Common name: Darling Range Ghost Gum


Eucalyptus laeliae buds. Photo: D. Blumer.View image slideshow

Origin of Scientific Name

Laelia – the name of a vestal virgin


Eucalyptus laeliae, or the Darling Range Ghost Gum, is a small to medium sized tree that grows on the western side of the Darling Range. With growth of up to 20 metres, this well shaped tree grows naturally in granite and heavy soils, in cultivation it has proven to adapt to the sandy soils found in Kings Park.

The trunk is smooth, powdery and usually white in colour, but transforms during the cooler autumn months, displaying a pastel yellow hue to delight passers-by. The trunk is an iconic feature which engenders interest from many people and also makes a great addition to any landscape as a specimen, grove or small scale avenue.

The floral display of the Darling Range Ghost Gum is profuse clusters of soft, white bristly flowers during the summer months. This tree can be purchased commercially from specialised Australian plant nurseries, and the seed from specialised seed merchants.

Horticultural tips

  • The quality of the stock plant should be considered when purchasing, in order to avoid disorders and defects.
  • The Darling Range Ghost Gum is suitable for growing on a range of different soil types, provided they are well drained.
  • Grow this tree in a full sun aspect.
  • When this tree is in its juvenile stage, it may become susceptible to an insect attack called 'leaf blister'. Generally this condition does not require treatment with the tree able to outgrow the damage caused.

For more horticultural tips view our Plant Notes section.

View in Kings Park

Visit Kings Park to see Eucalyptus laeliae as a sapling on Wadjuk Way and at the entry to Bush Base at Rio Tinto Naturescape Kings Park (refer to map).

Want more information?

Refer to the profile for this plant on the Department of Biodiversity, Conservation and Attractions' FloraBase online herbarium.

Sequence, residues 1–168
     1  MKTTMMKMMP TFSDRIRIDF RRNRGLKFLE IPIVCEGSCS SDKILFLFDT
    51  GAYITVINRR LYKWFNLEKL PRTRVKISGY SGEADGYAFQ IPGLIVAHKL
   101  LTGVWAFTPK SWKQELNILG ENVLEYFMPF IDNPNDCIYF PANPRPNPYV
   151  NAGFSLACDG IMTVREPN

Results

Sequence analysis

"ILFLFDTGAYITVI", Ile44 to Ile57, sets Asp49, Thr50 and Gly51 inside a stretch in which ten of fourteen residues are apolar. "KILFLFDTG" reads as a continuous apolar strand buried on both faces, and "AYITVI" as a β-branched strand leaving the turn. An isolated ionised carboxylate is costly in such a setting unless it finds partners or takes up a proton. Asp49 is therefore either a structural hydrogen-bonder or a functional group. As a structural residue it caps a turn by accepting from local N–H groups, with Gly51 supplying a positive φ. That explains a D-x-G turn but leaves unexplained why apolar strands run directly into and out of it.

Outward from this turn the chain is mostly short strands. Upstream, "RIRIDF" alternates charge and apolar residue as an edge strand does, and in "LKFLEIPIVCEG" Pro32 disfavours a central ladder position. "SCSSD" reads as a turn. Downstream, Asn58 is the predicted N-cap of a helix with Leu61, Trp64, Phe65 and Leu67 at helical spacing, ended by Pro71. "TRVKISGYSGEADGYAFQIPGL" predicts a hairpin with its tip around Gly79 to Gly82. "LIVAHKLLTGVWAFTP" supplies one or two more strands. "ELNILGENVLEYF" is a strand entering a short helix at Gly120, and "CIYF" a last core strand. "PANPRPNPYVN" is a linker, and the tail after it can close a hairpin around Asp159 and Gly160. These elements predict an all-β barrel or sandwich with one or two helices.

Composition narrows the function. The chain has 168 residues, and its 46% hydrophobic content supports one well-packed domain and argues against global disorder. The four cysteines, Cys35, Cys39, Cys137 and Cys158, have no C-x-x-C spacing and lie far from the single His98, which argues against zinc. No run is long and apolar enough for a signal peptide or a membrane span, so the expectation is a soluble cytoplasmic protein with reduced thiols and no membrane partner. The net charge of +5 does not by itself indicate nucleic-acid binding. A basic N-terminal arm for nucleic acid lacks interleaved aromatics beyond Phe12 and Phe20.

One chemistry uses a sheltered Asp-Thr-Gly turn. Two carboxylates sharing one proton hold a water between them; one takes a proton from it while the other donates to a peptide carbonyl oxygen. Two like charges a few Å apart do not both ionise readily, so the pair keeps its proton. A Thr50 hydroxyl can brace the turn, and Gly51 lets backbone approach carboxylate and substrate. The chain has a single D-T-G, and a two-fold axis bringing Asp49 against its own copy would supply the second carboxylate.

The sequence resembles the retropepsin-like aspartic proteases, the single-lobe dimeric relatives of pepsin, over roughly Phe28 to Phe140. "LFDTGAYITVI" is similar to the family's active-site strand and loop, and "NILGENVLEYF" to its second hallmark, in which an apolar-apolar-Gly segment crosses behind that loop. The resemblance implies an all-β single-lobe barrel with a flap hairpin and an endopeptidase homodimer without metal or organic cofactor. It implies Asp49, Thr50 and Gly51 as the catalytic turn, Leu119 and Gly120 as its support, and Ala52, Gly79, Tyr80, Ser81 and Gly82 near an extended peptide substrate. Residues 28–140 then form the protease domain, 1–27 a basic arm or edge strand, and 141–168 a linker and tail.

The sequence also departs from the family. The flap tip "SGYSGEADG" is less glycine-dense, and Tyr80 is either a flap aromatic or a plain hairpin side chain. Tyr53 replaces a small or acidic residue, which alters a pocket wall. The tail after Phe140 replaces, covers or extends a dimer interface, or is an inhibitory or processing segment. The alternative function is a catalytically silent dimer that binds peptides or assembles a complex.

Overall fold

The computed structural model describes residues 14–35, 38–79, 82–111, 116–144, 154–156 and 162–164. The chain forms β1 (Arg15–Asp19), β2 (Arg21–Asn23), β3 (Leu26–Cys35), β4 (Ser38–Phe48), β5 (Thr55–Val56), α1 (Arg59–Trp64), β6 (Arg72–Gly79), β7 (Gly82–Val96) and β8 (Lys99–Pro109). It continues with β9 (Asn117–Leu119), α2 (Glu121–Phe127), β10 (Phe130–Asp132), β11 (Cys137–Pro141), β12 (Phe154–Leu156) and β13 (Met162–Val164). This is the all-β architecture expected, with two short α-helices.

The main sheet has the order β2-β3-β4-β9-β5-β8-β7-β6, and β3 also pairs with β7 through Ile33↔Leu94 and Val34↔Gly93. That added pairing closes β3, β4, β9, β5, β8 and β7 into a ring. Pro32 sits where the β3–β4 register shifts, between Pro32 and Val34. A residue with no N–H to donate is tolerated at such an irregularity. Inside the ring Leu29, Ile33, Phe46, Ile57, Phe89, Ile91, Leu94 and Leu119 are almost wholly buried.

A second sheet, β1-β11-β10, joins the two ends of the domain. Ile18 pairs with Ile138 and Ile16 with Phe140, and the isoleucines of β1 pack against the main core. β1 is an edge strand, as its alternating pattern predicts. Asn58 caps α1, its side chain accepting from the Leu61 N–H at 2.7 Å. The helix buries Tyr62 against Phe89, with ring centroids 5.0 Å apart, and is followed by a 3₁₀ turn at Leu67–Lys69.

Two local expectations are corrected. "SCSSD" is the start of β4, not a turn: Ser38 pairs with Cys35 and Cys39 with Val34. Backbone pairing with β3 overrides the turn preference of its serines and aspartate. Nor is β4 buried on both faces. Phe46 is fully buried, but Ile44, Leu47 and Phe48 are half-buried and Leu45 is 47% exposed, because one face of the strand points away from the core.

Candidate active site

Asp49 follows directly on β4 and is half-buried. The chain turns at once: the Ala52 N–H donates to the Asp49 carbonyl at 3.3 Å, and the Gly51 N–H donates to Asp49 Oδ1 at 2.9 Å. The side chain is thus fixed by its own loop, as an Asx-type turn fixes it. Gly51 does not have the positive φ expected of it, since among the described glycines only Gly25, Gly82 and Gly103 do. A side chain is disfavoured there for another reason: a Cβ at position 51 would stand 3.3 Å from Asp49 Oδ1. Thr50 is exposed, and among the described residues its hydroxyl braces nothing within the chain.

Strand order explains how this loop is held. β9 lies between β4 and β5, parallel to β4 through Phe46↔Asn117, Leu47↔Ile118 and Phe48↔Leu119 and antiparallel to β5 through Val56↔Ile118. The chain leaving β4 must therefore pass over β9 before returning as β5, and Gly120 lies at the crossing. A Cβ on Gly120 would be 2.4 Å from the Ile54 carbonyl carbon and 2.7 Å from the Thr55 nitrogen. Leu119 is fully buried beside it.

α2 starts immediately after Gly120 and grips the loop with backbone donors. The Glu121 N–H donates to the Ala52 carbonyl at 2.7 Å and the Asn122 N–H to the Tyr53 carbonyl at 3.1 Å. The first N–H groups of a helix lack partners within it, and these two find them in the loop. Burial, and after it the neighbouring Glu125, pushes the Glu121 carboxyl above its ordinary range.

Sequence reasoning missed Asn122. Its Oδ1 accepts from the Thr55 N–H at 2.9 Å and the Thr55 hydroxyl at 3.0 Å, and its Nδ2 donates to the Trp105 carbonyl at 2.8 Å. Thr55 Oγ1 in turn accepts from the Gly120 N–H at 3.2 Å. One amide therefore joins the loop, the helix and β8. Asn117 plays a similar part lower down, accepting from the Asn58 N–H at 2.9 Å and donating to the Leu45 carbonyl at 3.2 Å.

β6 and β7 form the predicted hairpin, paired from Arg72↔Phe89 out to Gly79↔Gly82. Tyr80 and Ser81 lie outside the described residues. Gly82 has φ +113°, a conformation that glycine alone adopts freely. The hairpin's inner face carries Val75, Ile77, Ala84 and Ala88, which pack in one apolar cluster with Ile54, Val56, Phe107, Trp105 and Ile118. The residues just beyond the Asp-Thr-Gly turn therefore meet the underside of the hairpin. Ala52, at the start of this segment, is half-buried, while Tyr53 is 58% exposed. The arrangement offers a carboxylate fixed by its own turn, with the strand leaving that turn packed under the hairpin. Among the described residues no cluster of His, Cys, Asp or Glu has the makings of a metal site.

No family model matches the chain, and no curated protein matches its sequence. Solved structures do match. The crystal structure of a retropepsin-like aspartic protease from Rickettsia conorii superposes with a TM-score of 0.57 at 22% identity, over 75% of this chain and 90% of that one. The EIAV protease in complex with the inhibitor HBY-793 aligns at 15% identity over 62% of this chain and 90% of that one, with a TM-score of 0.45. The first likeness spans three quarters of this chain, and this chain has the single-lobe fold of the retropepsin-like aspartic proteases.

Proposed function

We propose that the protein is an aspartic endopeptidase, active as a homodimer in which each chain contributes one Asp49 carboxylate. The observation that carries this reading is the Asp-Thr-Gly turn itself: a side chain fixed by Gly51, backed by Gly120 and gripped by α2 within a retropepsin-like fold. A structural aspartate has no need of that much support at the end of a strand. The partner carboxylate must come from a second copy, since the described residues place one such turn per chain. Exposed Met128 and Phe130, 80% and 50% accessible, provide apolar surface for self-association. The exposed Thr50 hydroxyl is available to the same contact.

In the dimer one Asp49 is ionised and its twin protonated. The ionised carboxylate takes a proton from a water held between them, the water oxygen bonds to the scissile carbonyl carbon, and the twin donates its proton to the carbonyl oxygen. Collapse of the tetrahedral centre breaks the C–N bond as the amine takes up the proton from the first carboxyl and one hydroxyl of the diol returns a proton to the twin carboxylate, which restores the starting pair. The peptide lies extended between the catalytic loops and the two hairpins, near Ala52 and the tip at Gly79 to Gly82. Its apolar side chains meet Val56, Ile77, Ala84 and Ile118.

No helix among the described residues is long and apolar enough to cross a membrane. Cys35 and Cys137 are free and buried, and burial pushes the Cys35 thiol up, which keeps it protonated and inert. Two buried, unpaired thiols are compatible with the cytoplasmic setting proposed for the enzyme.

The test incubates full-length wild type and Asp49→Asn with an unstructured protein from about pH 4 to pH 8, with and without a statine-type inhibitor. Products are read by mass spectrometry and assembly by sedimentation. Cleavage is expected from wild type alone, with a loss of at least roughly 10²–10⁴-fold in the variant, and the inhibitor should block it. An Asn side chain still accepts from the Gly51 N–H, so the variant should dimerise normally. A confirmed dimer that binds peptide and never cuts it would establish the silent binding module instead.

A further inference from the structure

An iconic feature of the Darling Range Ghost Gum is its trunk. Photo: D. Blumer. Eucalyptus laeliae in blossom. Photo: D. Blumer.

Visit Kings Park to see Eucalyptus laeliae in its habitat. Photo: D. Blumer.

Kings Park access disruption

Part of the Western Path between Monash Avenue and Aberdare Road will be closed from Monday, 8 February 2021 due to construction works on The Kids’ Bridge, pedestrian detours will be in place.

DNA Tower closure

The DNA Tower in Kings Park will be closed from Monday, 8 February 2021 until mid-April 2021 due to maintenance.

Concert traffic interruptions

Road and carpark closures will occur in Kings Park and Botanic Garden in February-March 2021 due to concert events.

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Farewell and thank you Grady and Lesley

The Botanic Gardens and Parks Authority (BGPA) would like to extend a sincere thank you and farewell to two of our longest serving staff members, Lesley Hammersley and Grady Brand who will retire from the Authority in December 2020.

Noongar Boodja Six Seasons is back!

Kings Park Education is excited to open bookings for our 2021 program of Noongar Boodja Six Seasons festivals, a celebration of Aboriginal culture, proudly presented by Fugro.

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